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Keys to 2011

I debated writing this article about ways the Royals can contend, but with the current construction of the roster, I’m not sure if that’s possible without some serious contributions from the young guys. I’m talking Jason Heyward/Buster Posey type seasons from multiple rookies. So, I came to the point that there are three players on the Royals roster that can make the future even brighter and the present a little more palatable. The hope among Royals’ fans is that 2011 is the last true rebuilding year for quite awhile, and these three players will shorten that curve considerably if they perform to something close to their original expectations.

The biggest key to both 2011 and the next three or four years is not surprising. It’s Alex Gordon. I’ve discussed in this space how he’s on his last chance with me and has surpassed that chance with many already. The fact of the matter is that to help the transition to the majors for the guys like Moustakas, Hosmer and Myers, the Royals need guys already established in the middle of the order. At the Major League level, the best bet to become a middle of the order hitter outside of Wilson Betemit proving his 2010 wasn’t a fluke is Gordon. I could be completely wrong, but I believe a big reason why Gordon struggled when he was promoted to the big club is because there was too much weight of the lineup put on his shoulders. In a somewhat ironic twist, he may be the best way to avoid the same fate for the current crop of sluggers.

What the Royals need from Gordon isn’t necessarily what we had all hoped for in 2007 from him. At this point, Pat Burrell type numbers would be acceptable and would be hugely beneficial. I mean Pat Burrell in Philly and pre-World Series San Francisco. An .850-.870 OPS would be perfectly fine. I know, that seems obvious, but when we expected a 1.000 OPS guy, the fact that .850 will do is a bit of a concession. I believe he’ll eventually be an above average left fielder, maybe as soon as April, so an above average bat will be a giant net positive for the team. Really, anything that allows the young guys to come up and bat no higher than sixth is huge.

The second obvious player who really needs to step up is Luke Hochevar for a number of reasons. Think about what happens if Zack Greinke gets traded this off-season. Who starts Opening Day? It pretty much has to be Luke Hochevar, right? So that’s one reason why it’s important that he finally breaks through. Another reason is the obvious one. The Royals need impact pitchers and having a Derek Lowe in the rotation would go a long way toward making the Royals a serious contender in the very near future. The other reason is a similar reason to Alex Gordon. When the young pitchers come up, it’d be nice if they could be broken in somewhere other than the one or two spot in the rotation. I’d like it if Mike Montgomery wasn’t starting on Opening Day 2012.

I think it’s very telling that with these two players, we’ve gone from looking at their superstar potential to their role playing potential. When I say role playing, I don’t mean it in a Willie Bloomquist type way, but rather being a conduit for the young players and helping them get acclimated to the big leagues before they take the roles that these two were supposed to have by now. In my mind, if they can provide a bridge, then they’ve provided more value than many top picks do. Of course I’d much rather have them be superstar players, but the boat is sailing away on that dream, so it’s time to salvage as much as possible from these two.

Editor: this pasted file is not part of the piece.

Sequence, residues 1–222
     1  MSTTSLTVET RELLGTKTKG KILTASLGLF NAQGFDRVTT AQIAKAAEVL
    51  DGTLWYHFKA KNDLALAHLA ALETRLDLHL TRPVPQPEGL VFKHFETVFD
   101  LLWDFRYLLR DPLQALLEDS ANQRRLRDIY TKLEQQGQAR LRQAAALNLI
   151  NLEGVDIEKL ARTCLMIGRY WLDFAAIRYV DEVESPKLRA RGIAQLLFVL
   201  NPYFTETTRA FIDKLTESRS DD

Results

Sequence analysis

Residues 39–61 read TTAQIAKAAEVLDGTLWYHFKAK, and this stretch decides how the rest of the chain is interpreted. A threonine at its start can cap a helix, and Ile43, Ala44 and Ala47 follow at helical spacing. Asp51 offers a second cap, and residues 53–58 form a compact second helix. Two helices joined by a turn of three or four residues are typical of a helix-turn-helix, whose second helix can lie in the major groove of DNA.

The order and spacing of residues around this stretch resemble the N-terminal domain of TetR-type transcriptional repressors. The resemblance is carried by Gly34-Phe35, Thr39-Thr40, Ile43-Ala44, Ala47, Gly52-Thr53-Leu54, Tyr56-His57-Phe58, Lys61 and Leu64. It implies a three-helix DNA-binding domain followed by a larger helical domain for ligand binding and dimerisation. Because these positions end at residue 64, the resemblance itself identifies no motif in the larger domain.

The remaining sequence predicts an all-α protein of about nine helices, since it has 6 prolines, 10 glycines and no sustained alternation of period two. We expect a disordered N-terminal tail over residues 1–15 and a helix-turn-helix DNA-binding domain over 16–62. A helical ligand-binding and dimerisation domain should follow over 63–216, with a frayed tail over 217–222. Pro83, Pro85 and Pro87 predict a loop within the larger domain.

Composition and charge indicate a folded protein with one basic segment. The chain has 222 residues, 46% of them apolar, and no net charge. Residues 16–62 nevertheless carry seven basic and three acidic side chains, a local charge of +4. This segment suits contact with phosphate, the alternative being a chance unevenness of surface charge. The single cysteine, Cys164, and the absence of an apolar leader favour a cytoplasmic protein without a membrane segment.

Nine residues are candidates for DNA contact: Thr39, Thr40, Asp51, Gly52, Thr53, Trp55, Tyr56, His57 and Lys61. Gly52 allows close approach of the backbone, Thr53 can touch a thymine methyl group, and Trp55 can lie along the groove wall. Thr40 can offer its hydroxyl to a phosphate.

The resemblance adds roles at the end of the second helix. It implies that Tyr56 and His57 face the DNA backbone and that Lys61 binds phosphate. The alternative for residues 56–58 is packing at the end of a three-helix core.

The third player is probably a little bit less obvious to some. I’ve written here that Billy Butler had a great season in 2010 in spite of the double plays and the drop in his power numbers. What I don’t believe I’ve written is that he was doing this all with a bad hand for most of the season. Hand and wrist injuries sap power like almost nothing else, so I expect big things out of Butler in 2011. It’s important for the future of this team that he live up to those expectations. Unlike Gordon, those expectations are still sky high.

After 2010 when Butler’s walk rate increased and he displayed a well above average OBP, the time is now for him to break through. He’ll be 25 in 2011 and while that’s by no means old, I’m not sure how well he’s going to age with his body type. The Royals need to get some serious production out of him. A .950 OPS is what I expect out of him in 2011. It’s important that he establishes himself as a legitimate middle of the order bat for the future because the Royals need a right-handed masher to mix in with their left-handed bats they already have and who are working their way up through the system. He’s already a good number three hitter. It’s time for him to step up to the elite level.

While those three players probably can’t bring the Royals a division title alone will go a long way toward the quest to respectability. It’s no coincidence that they are the 2004, 2005 and 2006 first round draft choices of the organization.

  1. Patrick
    November 8, 2010 at 3:47 pm

    I fully expect that Hochevar breaks out next year (I thought he was about to this year, until the injury), however, it still scares me to think he could be Kansas City’s opening day starter, should Greinke be traded.

    For Butler, I would be happy with him maintaining his BA/OBP line and 45-50 doubles (a lock) and 23-28 homeruns.

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